There are three fatal flaws to this use of time. First the typical classroom has a range of five years in terms of instructional level and it is probably more in the typical MPS classroom. Children learn by being instructed at the correct instructional level. You can’t do that in reading with a whole class approach. The second flaw is the lack of a strong core curriculum that has been scientifically proven to increase achievement for at risk children. There really is no curriculum for reading at MPS there is an ideology. The MPS plan is one for children who already know how to read and that is not their students. Finally, where are the five components of the National Reading Panel and that panel’s call for “direct instruction of scientifically validated instructional strategies?” They are there alright-but only as add on’s to the unscientific ideology based system of believing that children learn through exploration and osmosis that is the core of “Balanced Literacy”. Direct instruction is infrequent and incidental. And we are going to give them more money to coach this system?

    We are now moving out of the era of accountability and so there will no longer be a spotlight on the under-achievement of MPS students. What has survived is the balanced literacy ideology of under teaching MPS students and the resulting achievement gap. Everyone wants to solve that problem but no one wants to do anything about it because of cost. If MPS were to use the science we have with the resources they have they would get significantly better but not satisfactory results. Society would then be put in a corner because there would no longer be an excuse to avoid the SES question. As long as MPS mis-educates students the battle continues to the detriment of students as they pass through, one by one, their formative years with no recourse and no repeats available.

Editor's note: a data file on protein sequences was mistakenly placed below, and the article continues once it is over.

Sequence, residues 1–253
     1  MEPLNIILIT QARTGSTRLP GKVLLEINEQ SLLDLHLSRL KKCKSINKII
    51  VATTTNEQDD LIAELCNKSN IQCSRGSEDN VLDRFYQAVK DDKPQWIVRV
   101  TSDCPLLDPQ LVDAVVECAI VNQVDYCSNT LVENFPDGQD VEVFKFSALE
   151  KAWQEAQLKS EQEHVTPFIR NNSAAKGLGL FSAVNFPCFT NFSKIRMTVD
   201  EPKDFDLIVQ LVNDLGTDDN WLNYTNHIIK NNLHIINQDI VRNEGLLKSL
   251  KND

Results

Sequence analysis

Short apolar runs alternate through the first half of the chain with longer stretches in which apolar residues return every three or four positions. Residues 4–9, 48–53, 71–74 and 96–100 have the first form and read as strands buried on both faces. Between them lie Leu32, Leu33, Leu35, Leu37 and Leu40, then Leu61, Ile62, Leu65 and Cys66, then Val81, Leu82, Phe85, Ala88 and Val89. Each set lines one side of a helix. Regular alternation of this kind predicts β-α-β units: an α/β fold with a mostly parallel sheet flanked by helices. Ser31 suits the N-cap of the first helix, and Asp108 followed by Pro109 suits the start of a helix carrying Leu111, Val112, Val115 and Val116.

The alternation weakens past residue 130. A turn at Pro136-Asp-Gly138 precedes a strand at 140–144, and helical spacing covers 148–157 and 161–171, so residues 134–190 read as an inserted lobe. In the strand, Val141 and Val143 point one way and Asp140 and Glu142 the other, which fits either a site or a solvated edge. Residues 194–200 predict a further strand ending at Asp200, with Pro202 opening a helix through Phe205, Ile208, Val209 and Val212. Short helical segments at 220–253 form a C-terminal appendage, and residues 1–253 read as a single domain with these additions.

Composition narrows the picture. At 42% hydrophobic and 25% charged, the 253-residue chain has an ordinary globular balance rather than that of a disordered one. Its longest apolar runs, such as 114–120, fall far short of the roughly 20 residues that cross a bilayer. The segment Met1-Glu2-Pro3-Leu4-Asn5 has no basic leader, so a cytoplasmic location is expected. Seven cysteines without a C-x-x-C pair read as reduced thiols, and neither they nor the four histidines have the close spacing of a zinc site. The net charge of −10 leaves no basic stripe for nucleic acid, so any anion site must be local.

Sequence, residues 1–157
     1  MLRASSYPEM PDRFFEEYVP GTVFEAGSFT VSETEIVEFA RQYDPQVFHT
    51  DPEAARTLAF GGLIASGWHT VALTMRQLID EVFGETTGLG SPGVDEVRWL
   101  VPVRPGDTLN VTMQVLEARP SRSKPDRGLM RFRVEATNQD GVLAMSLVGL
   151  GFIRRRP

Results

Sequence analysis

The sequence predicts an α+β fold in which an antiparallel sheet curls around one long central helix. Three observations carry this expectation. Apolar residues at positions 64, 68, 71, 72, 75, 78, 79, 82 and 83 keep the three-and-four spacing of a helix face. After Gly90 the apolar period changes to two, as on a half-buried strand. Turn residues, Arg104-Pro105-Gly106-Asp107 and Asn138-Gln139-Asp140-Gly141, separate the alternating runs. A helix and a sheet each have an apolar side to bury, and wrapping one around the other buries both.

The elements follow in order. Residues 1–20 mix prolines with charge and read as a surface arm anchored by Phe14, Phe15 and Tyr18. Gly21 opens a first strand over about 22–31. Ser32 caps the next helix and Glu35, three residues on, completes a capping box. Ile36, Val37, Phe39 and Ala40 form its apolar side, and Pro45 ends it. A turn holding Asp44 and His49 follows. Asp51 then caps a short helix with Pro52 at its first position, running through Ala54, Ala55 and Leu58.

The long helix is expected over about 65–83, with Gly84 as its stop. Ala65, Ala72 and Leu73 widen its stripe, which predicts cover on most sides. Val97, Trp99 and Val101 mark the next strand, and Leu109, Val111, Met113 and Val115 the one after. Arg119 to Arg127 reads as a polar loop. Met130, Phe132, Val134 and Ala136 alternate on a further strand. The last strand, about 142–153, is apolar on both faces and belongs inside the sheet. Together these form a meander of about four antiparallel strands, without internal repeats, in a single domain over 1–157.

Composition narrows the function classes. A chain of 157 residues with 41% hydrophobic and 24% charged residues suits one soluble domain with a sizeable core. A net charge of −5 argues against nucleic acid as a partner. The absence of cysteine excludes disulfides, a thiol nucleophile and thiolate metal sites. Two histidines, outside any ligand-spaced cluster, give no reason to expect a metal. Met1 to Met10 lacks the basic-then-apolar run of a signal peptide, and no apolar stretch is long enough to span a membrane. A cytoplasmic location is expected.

3. Submitted by Ray Schoch on 09/12/2013 - 04:46 pm.

    My personal experience

    …when expressing an opinion to Ms. Hawkins has been the antithesis of what Rob Levine suggests. Just sayin’…